Frog and Toad are king in my book. No pun intended. And actually, maybe they would be princes? Frog princes? In my book? Anyway, this utterly lovable pair star in four books, each of which contain several individual stories. Toad is the charmingly bumbling, rather obstinate foil to Frog's slightly more worldly-wise-yet-still-innocent persona. Ultimately these are tales of two friends who just love each other very much, and their stories are totally endearing.
6. Just Enough and Not Too Much by Kaethe Zemach
A great story about contentment with material possessions--something I very much want to teach my kids in an age and culture of excess! Simon the fiddler, at first content with a simple life, decides he doesn't have enough stuff in his house, but soon comes to realize that having more can turn into having too much.
7. A Bad Case of Stripes by David Shannon
This beautifully colorful and extremely imaginative story is another one about contentment--this time not about possessions, but contentment with ourselves. Camilla Cream is a little girl who doesn't want to admit she likes lima beans because she thinks it will make her unpopular. But the more she resists eating lima beans, the more her body breaks out in strange colors and shapes--everything from stripes to tails! I love the way this story brings home the truth that even our own bodies can rebel when we are going against what is right for us, whether it be physically, emotionally, or spiritually.
8. The Twelve Dancing Princesses by Marianna Mayer, illustrated by K. Y. Craft
I was given this book when I was a girl and it is one of the only surviving original copies of a book from my childhood. GET. THIS. BOOK. especially if you have a daughter. Throughout my life I have returned to this book when I need an escape to a land of fantasy or even just when I am feeling uncreative. The lush, gorgeous illustrations and patient pace of this fairy tale always renew me. A simply beautiful book.
9. Go To Bed, Monster! by Natasha Wing
Sort of a silly one here. The tables are turned on a little girl who doesn't like to go to bed when a monster she has drawn comes to life and won't go to bed, even after she herself is really tired.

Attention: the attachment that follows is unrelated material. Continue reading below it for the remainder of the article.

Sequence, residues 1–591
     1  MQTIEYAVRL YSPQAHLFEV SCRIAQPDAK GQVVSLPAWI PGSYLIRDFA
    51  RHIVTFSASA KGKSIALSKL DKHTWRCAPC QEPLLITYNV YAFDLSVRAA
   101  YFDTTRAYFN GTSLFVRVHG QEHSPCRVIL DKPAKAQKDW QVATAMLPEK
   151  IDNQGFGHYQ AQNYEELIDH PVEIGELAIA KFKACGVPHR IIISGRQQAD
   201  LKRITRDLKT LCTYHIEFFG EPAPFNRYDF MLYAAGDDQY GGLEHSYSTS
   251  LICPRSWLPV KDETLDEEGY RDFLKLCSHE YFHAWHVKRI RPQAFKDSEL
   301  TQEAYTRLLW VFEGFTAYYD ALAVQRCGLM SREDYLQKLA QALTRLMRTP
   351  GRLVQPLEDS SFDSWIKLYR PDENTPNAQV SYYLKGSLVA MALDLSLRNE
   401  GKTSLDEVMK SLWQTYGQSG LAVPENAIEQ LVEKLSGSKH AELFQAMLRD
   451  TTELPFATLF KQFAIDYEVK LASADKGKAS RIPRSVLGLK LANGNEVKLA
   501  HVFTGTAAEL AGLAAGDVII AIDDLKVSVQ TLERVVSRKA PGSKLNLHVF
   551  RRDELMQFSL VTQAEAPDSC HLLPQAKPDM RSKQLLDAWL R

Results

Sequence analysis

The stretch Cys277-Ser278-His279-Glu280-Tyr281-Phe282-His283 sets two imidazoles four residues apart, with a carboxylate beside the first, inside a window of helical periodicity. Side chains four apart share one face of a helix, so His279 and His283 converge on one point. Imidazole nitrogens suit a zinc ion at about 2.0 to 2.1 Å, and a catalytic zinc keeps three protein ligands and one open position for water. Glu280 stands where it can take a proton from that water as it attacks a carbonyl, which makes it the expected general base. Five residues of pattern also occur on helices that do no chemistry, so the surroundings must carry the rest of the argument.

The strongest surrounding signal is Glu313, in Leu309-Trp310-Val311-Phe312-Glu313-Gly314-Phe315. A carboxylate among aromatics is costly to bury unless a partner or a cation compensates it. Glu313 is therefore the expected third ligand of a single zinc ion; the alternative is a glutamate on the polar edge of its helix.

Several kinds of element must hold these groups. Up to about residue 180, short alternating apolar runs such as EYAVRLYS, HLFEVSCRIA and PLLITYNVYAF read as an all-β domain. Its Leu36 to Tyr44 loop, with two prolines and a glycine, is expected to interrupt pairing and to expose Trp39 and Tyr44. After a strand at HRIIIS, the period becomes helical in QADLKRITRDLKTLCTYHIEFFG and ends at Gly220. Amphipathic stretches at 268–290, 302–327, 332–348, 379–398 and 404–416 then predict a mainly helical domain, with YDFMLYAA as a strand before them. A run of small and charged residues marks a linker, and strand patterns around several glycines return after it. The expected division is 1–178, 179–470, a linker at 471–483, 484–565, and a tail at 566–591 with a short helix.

10. The Old Woman Who Named Things by Cynthia Rylant
This book certainly has an unusual tone for a children's book, as the central character is an old woman who has stopped giving a name to anything she knows she may outlive. Because of her hurt over so many of her friends dying before her, she is reluctant to take in a stray dog that wants her love. When I first read this to my boys, I thought, yikes, I'll save this for when they're older. But I realized that even young children sometimes think about death and may have to deal with it in their midst. This book has a very redeeming ending and is a good non-scary way to open the door to talking about the issue of death with younger kids.
11. King Bidgood's in the Bathtub by Audrey Wood, illustrated by Don Wood
I am a big fan of the Woods. Some of their books seem story-driven, others image-driven. In this book, the illustrations are really the star. The various personages of King Bidgood's court are trying to get him to come out of the bathtub, but he is simply having too jolly a time to be bothered. One of those books where you can spot a million details on every page.
12. Alphabet Adventure/Rescue/Mystery by Audrey Wood, illustrated by Bruce Wood
In these three Audrey Wood books, an alphabet of lower-case letters must solve a mystery or save the day. Clever stories that get kids more familiar with the lesser-used "little letters."
13. How Much Is A Million? by David M. Schwartz, illustrated by Steven Kellogg
This one is probably for kids just a bit older than mine, but my kids sat through it and asked lots of questions. Essentially it endeavors to give a concept or a visual of how much is in a thousand, a million, and a billion, and compares the three. It was certainly enlightening to me as an adult! I like to think of it as foreshadowing some math skills for kids.